It took 82 seconds for City to shake off the rumours that they might be about to succumb to consecutive defeats for the first time in the league this season, following a shock loss at Sunderland on Boxing Day. Ahead of this game all the news about City had been dreary: trailing the league leaders, Manchester United, by seven points, the defending champions were statistically inferior to their performances at the same stage last season in almost every way, worse still they had also been unceremoniously dumped out of Europe.
But a rip-roaring four minutes into the match and there was a distinct change in mood, as Roberto Mancini's much-maligned men shot into the lead with two goals. Edin Dzeko was the executor of both, but with Sergio Agüero, David Silva and the rest of the team firing on all cylinders, City instantly appeared truly unstoppable.
From that vantage point it was hard to see how Norwich might avoid the kind of humbling 5-1 and 6-1 batterings they had endured at the hands of City last season. But, impressively, Chris Hughton's side were able to maintain their composure, keep a good amount of possession, and calmly strike back through Anthony Pilkington's free-kick after Robert Snodgrass was brought down on the edge of the area by Vincent Kompany. At 2-1, it was game on.
City, though, were not about to lie down to yet another lower half of the table side, and instead kept up the pressure: a lovely run from Agüero almost forcing Javier Garrido into an own goal as the goalkeeper Mark Bunn tipped the ball over the crossbar with his fingertips – an incident Mancini later complained about as yet another example of incompetent refereeing – before Yaya Touré put in an effort that flew inches wide of the post.
As the match raced towards half-time, the narrative took an ugly turn – Sébastien Bassong's tackle on Samir Nasri prompting the France international to leap to his feet and square up to the Norwich defender. Tempers flaring, head grinding against head, both players seemed equally at fault until Nasri added in the slightest of butts and the referee, Mike Jones, held up a red card to send him off – the City midfielder protesting all the way.
That decision sparked Mancini's ire and he later protested at length. "If you want to send off someone I think both [should go], but not only Samir, it was not good this decision," he said. "He [Jones] said [Nasri] touched [Bassong's] head but the other player did the same. You want to send him off, both players, fine I agree. If you send for [only] this … the referee was there, he saw everything."
Mancini added: "Rules should be the same for everyone, not always different rules. I hate this, in football I always hate this. Two rules for different teams, or for different players, I can't accept this in football.
"Also I don't understand, when [Javier] Garrido played the ball back to the keeper [Mark Bunn], the keeper saved – why the referee didn't give the free-kick? Why? Maybe they changed the rules in the last two three months. I don't know, I saw incredible things in the last month."
Asked if he will appeal against the Nasri decision, Mancini replied: "We will appeal for sure." Do City stand a chance of winning that appeal? "I don't know. If they are correct, yes."
The second half brought another spell of thrilling action as City twice more surged ahead – first through Agüero profiting from a Bassong mistake five minutes into the second half, then Dzeko forcing Bunn to turn the ball against his own post and into the back of the net. Undeterred, Norwich responded superbly to each goal, on both occasions their captain, Russell Martin, hitting back to close the gap and keep the league champions on a short rein.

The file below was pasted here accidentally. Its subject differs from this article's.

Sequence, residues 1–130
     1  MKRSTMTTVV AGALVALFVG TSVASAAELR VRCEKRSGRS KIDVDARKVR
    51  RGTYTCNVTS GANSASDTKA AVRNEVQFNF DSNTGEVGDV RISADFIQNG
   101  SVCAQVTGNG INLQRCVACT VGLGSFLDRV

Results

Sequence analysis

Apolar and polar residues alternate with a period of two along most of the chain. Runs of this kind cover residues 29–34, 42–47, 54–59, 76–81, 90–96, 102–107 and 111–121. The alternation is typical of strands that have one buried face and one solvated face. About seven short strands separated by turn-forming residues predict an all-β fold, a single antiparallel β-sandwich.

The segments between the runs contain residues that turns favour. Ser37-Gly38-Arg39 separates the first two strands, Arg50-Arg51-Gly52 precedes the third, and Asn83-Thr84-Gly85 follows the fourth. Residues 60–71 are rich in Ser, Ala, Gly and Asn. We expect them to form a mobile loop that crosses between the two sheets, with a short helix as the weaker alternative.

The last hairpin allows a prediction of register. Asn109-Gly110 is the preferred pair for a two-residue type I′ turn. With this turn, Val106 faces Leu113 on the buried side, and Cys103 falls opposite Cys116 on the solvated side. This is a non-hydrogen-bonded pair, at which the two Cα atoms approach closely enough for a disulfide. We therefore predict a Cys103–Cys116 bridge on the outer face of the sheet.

As the minutes ticked down and Norwich searched for an equaliser, a series of leisurely substitutions from the City camp gave rise to agonised howls from the home fans, desperate to use every last one of their match minutes to the full. Sadly for Hughton's men it was not to be, Norwich enduring a third consecutive defeat after an unbeaten run of five.
Mancini extolled his players' efforts. "I am delighted with the result, I am delighted with the performance," he said. "The first 25 minutes we played fantastic football, afterwards it became more difficult."
Forced to play the second half without Nasri, the City manager praised the work-rate of his players. "It's not easy," the Italian said, reminding observers that this was the second occasion this season in which his side had pulled off a victory with 10 men. "We won two games, this and another game against West Bromwich Albion. We played 60 minutes [then] with 10 players, I think we are a strong team."
Manchester United remain seven points clear of the league champions after their 2-0 home victory against West Brom, but Mancini insisted he was not concerned. "In this moment they are better than us because they are top but for us it's not important to look at the table now. We need to work, win, and maybe in February we look again."
Hughton was disappointed to concede two quick goals. "You can't be 2-0 down so early in the game and expect not to have a real tough game. I thought we showed great character, certainly at 4-3 it seemed like one of those games that might end up going our way."
Hughton also questioned why the referee did not react to a Kompany foul in a move that set up City's second goal, before agreeing with Mancini's assessment of Nasri's red card. "There was certainly a coming together of heads and a bit of movement from Nasri, whether that was enough for a sending off, the referee obviously felt that there was." Should Bassong have received equal treatment? "Although there was a coming together there wasn't any movement from Seb," he replied. "Was it a bit harsh? Probably, yes."